Bianca Longbury, Olivier Primo, Charles Tessier, Jean-Luc Mongrain and Eric Douhmy are just a few of the Quebec personalities who have watched their identities usurped to promote Hyuna positions since the beginning of the year.
In March, CBC reported that Aboriginal artists living in Ontario and Quebec, Tara Quincey and Tami Puvis, were also victims of identity theft. (A new window) on social networks.
Mock contests featuring American celebrities, including host Ellen DeGeneres (A new window) Basketball star LeBron James (A new window)It is also organized by subsidiaries. In short, many of the scams we see all over the web that have been making headlines for quite some time have the same origin: AdCenter.
A “normal mother” in sight from AdCenter
Our investigation enabled us to determine that at least three fake Facebook accounts impersonating Bianca Longpré were created by AdCenter affiliates in the early months of 2021 alone. These fake accounts tried to lure netizens to Hyuna’s websites using fake contests.
Bianca Longpré, who runs the popular Mother Ordinary Facebook page, said she regularly receives reports of fake accounts in her name from her community.
The girls who follow my page called me and said: “Hey Bianca, are you organizing a contest?” The author and businessman testify. It happens that I organized them, but there were none at that time. They sent me the link, and I went to see it, and saw for myself that, in fact, someone was impersonating me.
After we contacted him, Facebook removed dozens of fake pages and events that we showed as an example of this scheme, which sent netizens to Hyuna’s sites. Facebook claims that these pages are in violation of its policies on spam,
Fraud and deception.
A Facebook representative, however, claimed that the social network
No link was specified between the respective pages. However, our analysis shows that the web addresses in these fake profiles have unique identifiers that reveal that they were the work of AdCenter affiliates.
Despite our reports, there are still dozens of fake contests that usurp the identities of well-known personalities as well as hundreds of fake virtual tours and concerts on Facebook, and new contests are posted regularly.
Forgetting and distracting netizens at the heart of the business model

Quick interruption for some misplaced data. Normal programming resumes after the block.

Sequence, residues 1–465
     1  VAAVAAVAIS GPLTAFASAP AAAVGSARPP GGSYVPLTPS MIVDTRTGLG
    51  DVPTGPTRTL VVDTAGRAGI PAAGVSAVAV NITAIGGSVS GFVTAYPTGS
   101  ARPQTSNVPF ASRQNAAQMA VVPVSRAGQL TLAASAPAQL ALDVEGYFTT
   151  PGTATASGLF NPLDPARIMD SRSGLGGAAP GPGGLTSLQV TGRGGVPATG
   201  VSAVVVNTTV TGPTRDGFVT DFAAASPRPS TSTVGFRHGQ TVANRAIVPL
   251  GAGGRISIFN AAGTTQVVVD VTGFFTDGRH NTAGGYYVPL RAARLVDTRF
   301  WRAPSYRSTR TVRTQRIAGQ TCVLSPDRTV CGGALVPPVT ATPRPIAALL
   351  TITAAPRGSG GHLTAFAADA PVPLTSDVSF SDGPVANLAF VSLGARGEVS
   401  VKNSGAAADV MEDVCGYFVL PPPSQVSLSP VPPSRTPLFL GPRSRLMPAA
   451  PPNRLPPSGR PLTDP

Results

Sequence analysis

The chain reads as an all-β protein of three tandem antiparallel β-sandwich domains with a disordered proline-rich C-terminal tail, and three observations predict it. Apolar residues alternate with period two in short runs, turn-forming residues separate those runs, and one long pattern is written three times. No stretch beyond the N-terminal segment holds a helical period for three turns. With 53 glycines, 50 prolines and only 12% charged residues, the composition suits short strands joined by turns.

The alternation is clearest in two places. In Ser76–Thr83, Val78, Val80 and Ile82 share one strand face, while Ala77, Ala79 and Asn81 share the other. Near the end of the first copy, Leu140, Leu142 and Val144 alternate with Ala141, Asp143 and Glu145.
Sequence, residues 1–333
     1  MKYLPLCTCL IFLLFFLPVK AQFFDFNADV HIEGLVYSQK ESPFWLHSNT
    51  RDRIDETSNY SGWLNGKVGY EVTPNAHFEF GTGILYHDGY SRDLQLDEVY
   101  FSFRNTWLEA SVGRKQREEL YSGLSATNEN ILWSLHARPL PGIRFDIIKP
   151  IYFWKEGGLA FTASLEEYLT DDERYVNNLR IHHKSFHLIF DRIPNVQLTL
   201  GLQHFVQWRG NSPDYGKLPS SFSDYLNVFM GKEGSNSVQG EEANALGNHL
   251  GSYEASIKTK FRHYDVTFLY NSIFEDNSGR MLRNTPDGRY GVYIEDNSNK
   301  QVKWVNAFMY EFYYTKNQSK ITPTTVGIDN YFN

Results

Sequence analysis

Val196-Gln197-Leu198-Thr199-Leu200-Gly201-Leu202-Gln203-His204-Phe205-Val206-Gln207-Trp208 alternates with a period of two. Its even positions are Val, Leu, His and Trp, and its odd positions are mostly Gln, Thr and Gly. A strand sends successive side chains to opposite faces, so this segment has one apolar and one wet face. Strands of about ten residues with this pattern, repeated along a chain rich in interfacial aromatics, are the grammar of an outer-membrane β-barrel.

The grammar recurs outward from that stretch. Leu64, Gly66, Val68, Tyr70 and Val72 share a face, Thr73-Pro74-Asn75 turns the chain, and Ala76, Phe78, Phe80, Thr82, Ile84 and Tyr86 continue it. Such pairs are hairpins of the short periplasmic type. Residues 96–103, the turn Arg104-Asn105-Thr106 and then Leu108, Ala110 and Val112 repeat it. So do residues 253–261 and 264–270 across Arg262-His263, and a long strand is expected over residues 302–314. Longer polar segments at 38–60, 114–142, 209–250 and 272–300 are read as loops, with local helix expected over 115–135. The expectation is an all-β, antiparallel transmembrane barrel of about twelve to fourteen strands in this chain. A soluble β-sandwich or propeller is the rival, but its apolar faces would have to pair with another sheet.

While these seductive false promises of movies and shows attract large numbers of people, not all of them are drowning. In fact, the vast majority of people who are subject to the bait cancel the subscription within minutes of signing up and will not be charged.
But if the company succeeds in making money, or even making fortunes, it is because thousands of users forget to opt out, or simply ignore that they have signed up for a paid site.
These non-cancelled subscriptions, attested by several former employees, are at the core of the business model of the network associated with Philip Keiser. In fact, they say, the company makes almost all of its profits with this money.
Basically, we were making money off the appearance of people who didn’t realize it. It is inconceivable that people on their own would pay a monthly fee for the lower quality content viewed.
Imagine, a really bad kind of Netflix, full of movies you’ve never heard of, and which you can’t even find in the back of Blockbuster. This was itLet’s get to know this ex-employee.
These former employees speak of experience: They have held various positions within companies associated with Mr. Keiser.
The business model used here is not new. Although it is located here on a rare scale, including affiliates around the world and hundreds of separate sites, it has already proven its worth.
According to the international investigator The best office work (BBB), Steve Baker, Many subscription-based scams rely on consumers forgetting to opt out.
Many people pay off their credit cards without looking at their statements. Sometimes it takes months and months before they notice it.
And when they notice, paying off isn’t as easy as they might hope. In his study of subscription traps (A new window) and scam free trials, Steve Baker notes, that credit card companies are often reluctant to compensate people who are scammed by such scams.
Mr. Baker refers to an internal survey that I have conducted BBBOf the 1,000 people, 57% of respondents submitted chargebacks from their credit card company and 44% were not paid.
He adds that many people are unaware that chargebacks exist and that it is common for victims of this type of fraud to opt out without asking for a refund.
According to former employees of Keezer-related companies we spoke to, the company is quickly compensating disgruntled customers who request it to prevent them from attempting to invalidate a payment through their credit card provider. Because a lot of chargebacks will put credit card companies into a scam.
That’s what we saw with our Fundonkey subscription. After paying a 2 month fee, we asked customer service to cancel our subscription and get a refund of CAD 124. Fundonkey complied with no questions asked.
Internet users empty their hearts
Our team has documented thousands of negative reviews and comments on the web regarding the websites participating in this scheme.
These opinions in particular suggest that not everyone can get their lost money back: many say they don’t know why bills have been paid to them without their knowledge for months, while others report opt-out problems that can only be resolved by canceling the credit card linked to the account.
These netizens think they have been scammed by sites with names like Yaydigital, Donnaplay or Lizardfun, which seem to be unrelated. But our checks show that they are all part of the Hyuna International network.